2021 M1 iPad Pro is now on sale. Some customers, who pre-ordered the device back in April and have received the new iPad, are already reporting a ‘blooming’ issue with the new mini LED display.
Apple claims that the new mini LED display, the technology that’s behind M1 iPad Pro’s Liquid Retina XDR Display, is designed to improve the blooming effect that is generally seen in the LCD displays. In its support document, Apple says that “Liquid Retina XDR display improves upon the trade-offs of typical local dimming systems, where the extreme brightness of LEDs might cause a slight blooming effect.”
The main reason behind the minimization of the blooming effect is due to the ~2,600 local dimming zones behind the new mini LED display. All iPad Pro models, other than the 12.9-inch model, come with an LCD display. Since LCD panels have only one lighting zone, the display was exposed to a blooming issue. With the increase in the number of LED zones now, Apple says that the blooming effect should be less.
However, users are still reporting the issue with the 12.9-inch mini LED iPad Pro. Users say that the new display is blooming more than expected. Some have even shared their experience on the social media platforms.
After spending 24 hours with it I can safely say #MiniLED is NOT the display tech #Apple is likely gonna keep for the iPad long term. OLED is far superior with picture quality. This is definitely an improvement don’t get me wrong, but it’s not OLED level good IMO.
— Josh Teder (@JoshTeder) May 22, 2021
On a mini LED display, the blooming effect should be less since all the zones of the panel do not light up at the same time. However, in an LCD, all the zones light up at the same time and cause the blooming effect.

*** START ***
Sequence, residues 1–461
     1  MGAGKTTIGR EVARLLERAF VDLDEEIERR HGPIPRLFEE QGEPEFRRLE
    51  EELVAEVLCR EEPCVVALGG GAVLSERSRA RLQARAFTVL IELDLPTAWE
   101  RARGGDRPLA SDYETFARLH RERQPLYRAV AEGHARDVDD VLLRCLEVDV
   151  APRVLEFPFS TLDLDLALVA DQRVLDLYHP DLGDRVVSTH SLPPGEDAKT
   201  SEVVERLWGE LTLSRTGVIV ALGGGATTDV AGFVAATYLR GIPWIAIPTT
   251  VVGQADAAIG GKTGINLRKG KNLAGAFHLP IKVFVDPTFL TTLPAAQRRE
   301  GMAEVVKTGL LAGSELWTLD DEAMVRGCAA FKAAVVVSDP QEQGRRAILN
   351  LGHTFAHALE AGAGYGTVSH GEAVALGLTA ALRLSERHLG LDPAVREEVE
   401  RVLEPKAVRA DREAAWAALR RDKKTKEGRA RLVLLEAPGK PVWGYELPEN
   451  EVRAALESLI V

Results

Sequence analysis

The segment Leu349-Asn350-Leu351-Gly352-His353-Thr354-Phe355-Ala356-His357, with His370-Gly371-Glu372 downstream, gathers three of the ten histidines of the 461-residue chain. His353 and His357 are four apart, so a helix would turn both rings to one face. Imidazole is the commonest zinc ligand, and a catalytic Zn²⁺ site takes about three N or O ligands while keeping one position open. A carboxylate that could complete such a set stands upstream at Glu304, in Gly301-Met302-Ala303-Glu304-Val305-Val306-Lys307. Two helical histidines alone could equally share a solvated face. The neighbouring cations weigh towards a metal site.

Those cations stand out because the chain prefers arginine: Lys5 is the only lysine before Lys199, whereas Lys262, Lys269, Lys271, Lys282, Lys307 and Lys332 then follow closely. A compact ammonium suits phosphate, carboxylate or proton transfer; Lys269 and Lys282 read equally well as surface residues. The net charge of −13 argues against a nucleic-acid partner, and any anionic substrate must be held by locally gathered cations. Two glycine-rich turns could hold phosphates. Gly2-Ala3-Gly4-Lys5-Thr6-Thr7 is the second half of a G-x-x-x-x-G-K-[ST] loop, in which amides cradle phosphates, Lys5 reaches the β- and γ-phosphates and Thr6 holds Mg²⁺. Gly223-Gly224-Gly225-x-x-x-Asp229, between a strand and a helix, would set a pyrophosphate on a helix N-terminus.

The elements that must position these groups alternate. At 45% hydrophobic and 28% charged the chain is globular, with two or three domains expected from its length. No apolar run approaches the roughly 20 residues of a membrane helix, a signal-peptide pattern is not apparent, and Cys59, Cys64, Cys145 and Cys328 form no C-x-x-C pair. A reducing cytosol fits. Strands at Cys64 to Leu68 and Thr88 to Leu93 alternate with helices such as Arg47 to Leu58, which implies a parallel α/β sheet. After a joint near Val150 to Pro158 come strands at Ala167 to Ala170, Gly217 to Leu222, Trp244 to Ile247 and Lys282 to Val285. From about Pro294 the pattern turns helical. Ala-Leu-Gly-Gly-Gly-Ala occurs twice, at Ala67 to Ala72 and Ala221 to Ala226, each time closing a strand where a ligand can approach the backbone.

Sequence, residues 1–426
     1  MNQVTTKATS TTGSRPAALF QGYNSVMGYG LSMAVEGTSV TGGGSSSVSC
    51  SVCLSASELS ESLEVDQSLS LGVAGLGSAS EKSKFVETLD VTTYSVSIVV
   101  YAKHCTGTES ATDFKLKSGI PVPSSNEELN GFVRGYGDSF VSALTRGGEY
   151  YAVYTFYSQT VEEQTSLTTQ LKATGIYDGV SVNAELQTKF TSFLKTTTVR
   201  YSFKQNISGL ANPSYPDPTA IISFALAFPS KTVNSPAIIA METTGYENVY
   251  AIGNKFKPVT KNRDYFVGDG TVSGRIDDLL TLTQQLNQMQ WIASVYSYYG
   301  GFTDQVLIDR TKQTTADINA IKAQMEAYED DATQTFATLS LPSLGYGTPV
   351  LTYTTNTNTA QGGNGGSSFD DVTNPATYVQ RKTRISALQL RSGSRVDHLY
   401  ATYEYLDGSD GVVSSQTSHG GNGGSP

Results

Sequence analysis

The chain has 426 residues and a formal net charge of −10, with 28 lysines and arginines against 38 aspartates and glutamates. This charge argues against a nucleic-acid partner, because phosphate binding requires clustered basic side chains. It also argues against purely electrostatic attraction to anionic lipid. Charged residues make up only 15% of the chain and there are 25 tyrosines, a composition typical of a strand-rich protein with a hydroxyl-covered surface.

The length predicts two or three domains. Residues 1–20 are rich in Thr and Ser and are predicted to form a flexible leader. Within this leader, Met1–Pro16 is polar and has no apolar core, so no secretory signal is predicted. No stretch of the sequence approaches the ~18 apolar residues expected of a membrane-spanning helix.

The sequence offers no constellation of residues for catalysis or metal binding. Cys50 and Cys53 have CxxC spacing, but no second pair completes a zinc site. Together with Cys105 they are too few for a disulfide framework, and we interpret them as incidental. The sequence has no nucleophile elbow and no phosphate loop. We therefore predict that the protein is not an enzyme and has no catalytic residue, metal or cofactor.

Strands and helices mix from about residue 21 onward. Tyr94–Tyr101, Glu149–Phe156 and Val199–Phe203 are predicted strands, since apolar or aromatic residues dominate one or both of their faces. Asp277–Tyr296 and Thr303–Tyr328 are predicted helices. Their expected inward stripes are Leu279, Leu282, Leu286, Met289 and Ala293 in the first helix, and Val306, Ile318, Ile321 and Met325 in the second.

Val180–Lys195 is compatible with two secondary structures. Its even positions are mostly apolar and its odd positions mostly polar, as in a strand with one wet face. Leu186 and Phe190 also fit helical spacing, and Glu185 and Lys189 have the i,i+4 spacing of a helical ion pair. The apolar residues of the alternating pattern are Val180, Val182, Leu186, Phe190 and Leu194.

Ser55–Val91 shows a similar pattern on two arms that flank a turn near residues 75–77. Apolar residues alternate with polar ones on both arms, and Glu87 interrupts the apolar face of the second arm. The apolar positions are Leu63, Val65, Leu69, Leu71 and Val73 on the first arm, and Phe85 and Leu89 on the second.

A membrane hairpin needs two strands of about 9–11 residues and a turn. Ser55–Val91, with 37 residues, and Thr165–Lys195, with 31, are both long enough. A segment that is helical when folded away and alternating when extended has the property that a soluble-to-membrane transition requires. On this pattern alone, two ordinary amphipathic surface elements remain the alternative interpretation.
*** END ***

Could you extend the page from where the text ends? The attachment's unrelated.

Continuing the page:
OLED display, the display technology used in Apple’s iPhone 12 series, does not require these dimming zones since the pixels in the OLED display light themselves up. They’re all able to turn on and off individually, hence black colors are much deeper in such displays.
What can happen when you have 2,500 dimming zones. This is noticeable when you use iPad Pro 2021 in total darkness.
iPad Pro 2018 has less distracting blooming because the bloom covers a large area. And there's IPS glow.
— Parka (@ParkaBlogs) May 21, 2021
Blooming on the new 12.9-inch iPad Pro is, therefore, to be expected, but users seem to be divided about how bad the effect actually is. In some cases, there’s no blooming effect, however, in others, it is very much noticeable.
Apple is said to be preparing more devices with the mini LED panels. A new MacBook Air is said to be in the works with the new mini LED display. Few renders of the upcoming 2021 M1 MacBook Air were leaked last week.
Have you experienced the blooming issue on the new 12.9-inch M1 iPad Pro? Let us know in the comments section below!